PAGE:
Libyans instead favor the protective cover of a no-fly zone.
Their plea took on a sense of urgency amid reports that aircraft had bombed a radio station and the airport in Misurata, a rebel-held city east of Tripoli.
Susan Rice, the U.S. ambassador to the United Nations, said the Obama administration is "considering actively and seriously" the possibility of a no-fly zone in discussions with its NATO allies.
In London, British Prime Minister David Cameron said he had instructed the Ministry of Defense and chief of the defense staff to work with Britain's allies on plans for a no-fly zone.
Speaking to members of Parliament, Mr. Cameron described the Gadhafi regime as "illegitimate."
"My message to Col. Gadhafi is simple: Go now," Mr. Cameron said.
On Monday, the Treasury Department announced that the United States has frozen $30 billion in Libyan government assets under U.S. jurisdiction.
Ms. Rice described the amount as "unprecedented," adding, "and this in light of the fact that Col. Gaddafi and his son Saif say they have no resources out there to be seized; they led a clean and uncorrupt life."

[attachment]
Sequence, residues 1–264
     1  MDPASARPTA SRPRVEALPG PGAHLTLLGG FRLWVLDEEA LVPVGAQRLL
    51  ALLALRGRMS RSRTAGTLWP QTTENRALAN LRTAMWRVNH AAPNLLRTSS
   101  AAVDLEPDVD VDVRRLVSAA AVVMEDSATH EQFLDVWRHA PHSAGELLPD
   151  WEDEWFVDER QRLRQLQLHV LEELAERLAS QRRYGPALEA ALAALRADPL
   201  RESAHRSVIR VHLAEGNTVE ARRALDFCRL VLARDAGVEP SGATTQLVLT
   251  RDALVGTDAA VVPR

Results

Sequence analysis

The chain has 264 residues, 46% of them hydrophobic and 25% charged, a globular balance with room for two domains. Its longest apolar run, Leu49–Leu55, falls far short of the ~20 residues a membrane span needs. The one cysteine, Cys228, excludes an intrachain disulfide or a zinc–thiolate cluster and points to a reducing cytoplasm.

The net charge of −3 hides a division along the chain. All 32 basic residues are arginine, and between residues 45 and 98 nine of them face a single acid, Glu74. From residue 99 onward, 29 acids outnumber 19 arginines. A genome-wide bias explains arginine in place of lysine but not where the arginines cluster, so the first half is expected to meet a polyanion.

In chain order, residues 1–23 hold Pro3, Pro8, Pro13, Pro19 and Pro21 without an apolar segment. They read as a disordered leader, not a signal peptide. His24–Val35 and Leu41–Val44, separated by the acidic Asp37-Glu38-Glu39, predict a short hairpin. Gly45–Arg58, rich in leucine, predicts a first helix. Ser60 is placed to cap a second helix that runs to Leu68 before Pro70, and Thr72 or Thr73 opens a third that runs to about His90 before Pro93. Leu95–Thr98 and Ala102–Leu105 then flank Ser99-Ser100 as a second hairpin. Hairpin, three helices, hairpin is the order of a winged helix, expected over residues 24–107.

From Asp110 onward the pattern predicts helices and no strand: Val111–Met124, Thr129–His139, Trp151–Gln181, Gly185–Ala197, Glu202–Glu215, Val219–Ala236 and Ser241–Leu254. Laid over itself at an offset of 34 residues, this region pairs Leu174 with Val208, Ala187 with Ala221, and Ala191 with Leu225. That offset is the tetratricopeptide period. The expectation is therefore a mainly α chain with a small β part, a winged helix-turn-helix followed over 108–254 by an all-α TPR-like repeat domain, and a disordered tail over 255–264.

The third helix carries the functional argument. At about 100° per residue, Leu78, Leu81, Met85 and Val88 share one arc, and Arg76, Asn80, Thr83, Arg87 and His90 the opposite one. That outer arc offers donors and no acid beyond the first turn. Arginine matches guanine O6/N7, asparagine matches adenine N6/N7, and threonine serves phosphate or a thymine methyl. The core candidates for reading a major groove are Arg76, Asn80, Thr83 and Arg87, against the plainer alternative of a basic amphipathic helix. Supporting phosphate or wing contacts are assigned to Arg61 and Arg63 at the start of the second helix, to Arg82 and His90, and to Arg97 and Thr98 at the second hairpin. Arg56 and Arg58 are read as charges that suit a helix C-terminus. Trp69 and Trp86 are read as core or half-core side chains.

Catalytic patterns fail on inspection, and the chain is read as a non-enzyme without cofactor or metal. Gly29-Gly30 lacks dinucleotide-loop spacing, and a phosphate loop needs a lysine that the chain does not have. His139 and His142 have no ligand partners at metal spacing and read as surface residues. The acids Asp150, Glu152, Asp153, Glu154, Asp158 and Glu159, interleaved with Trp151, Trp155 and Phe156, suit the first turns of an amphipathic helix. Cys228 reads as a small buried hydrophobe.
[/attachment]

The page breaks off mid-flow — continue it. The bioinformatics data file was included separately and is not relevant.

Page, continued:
Meanwhile, residents of Tripoli reported violence in the Tajoura neighborhood. They said several people had been killed.
Heavy fighting was reported around the rebel-controlled cities of Misurata and Az Zawiya, which are flanked by cities controlled by Col. Gadhafi's forces.
Pro-government troops have been using the town of Surman as a base from which to attack cities held by the rebels. Surman is controlled by the father-in-law of Col. Gadhafi's son Saadi. Gadhafi loyalists also retain control of his tribal stronghold, Surt.
In Zanzour on the outskirts of Tripoli, residents said boys as young as 14 were being dragged from their homes by mercenaries.
Meanwhile, an online video surfaced in which Col. Gadhafi's eldest son, Saif al-Islam, is seen atop a tank, machine gun in hand, whipping the regime's supporters into a frenzy against their opponents.
Pro-democracy protesters and military deserters have joined forces against the Gadhafi regime. As their ranks have swelled, so has their confidence.
"People are talking much more about being able to attack the regime. They are confident they can march on Tripoli, but the worry is how many weapons [Col. Gadhafi] has," Mr. Mattawa said.